10. If you like somewhat thoughtful speculative fiction you could do worse than Modesitt's Ecolitan, and Parafaith war series. Unlike the more sugary and rote items in his Recluse books, he takes a more hard science look at resource scarcity, politics, and the inevitable clash of civilizations. A very decent read.

    11. One multiplanet empire is civilized, and the other fanatically obeys its prophet's instructions to multiply and take possession of the universe. Rising young officer Trystin Desoll, exhausted after years of battling on the side of the rational empire, has an idea of how to make the two coexist.It starts out looking like a teenaged boys' adventure, but deepens in crescendo.

    12. First part of this book was pretty typical Sci-fi with techno babble, but I really got into this book at the latter part where Trystin was sent to the enemy territory as one of the returned from a mission I better read more of his books.

    13. I was wondering where this book was going till I got half way through. It was interesting setting the stage but the last half pick up speed and was compelling. It's really a historical bibliography of one person (tryston). A good, fun medium read.

    14. Having read the Ethos Effect a few years back, I was expectant of it being good. It was so. The way the day to day universe is crafted coupled with the weighty matters of ethics, beliefs and ideas is so terrific.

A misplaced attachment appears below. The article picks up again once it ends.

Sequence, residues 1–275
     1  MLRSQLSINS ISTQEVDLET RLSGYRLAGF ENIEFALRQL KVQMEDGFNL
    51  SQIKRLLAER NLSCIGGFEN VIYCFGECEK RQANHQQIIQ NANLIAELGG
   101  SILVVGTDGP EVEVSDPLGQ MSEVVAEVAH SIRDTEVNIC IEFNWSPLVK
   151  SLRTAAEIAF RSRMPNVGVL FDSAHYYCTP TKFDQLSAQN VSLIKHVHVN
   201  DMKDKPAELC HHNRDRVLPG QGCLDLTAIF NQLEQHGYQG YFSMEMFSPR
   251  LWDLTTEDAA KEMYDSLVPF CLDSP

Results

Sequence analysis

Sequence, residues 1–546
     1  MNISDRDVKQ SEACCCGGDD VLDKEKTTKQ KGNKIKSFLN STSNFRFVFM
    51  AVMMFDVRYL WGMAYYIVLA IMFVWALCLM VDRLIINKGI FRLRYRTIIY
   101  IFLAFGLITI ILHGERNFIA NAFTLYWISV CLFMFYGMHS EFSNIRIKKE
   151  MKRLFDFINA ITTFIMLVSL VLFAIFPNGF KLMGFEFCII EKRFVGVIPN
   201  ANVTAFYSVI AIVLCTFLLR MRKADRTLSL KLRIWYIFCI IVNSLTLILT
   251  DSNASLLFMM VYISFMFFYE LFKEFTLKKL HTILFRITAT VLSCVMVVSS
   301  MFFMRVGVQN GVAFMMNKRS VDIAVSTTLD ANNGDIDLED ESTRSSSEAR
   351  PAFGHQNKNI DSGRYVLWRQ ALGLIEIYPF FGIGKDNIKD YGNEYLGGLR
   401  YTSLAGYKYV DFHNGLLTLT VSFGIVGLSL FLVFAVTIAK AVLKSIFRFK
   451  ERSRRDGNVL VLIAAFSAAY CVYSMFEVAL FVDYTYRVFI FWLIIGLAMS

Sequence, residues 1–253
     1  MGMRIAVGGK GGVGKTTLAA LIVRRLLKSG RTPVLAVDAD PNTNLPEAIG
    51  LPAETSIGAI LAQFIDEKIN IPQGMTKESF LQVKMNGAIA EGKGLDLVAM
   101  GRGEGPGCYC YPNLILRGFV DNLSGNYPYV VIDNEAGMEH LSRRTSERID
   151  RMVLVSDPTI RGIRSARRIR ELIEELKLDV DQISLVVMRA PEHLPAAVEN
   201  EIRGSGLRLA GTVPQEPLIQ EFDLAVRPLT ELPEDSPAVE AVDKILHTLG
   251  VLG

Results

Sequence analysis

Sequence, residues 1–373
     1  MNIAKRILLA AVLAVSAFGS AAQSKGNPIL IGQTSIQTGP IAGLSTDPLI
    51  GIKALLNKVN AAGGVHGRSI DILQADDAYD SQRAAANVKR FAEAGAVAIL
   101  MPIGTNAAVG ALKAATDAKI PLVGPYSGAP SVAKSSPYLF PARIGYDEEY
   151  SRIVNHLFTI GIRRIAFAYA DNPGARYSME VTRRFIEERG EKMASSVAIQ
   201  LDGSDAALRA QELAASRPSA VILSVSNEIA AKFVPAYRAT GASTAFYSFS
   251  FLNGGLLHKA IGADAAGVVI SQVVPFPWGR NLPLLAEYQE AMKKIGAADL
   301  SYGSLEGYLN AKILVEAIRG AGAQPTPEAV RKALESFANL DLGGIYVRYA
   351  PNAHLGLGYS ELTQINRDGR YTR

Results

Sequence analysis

15. I'm of mixed emotions about rereading this; it's not that it's not good, it's just that it's a very familiar set of character archetypes for Modesitt's work, and it's not quite as polished as he eventually is.

    16. Intriguing if a little slow in the first half. Tells the story of a young pilot, embroiled in a battle with the ultra religious revenants of the profit. Clearly influenced by the authors anti religious sentiment, as an interesting footnote he currently lives in Mormon stronghold, Utah.

    17. Really good story, very engaging, my first by this author, I'll definitely read more of his books, I wish this book was part of a series, sad to see it end.

    18. An interesting look at the balance between religion and science and what can happen when religion goes astray.

    19. I actually didn't like this novel, but couldn't find a way to delete it from my shelf. At 153 pages in, I still fail to see where this is going and a central plotline developing.

    20. love how L.E. Modesitt Jr. makes you think about the stupid things mankind does while keeping the book fantastically entertaining.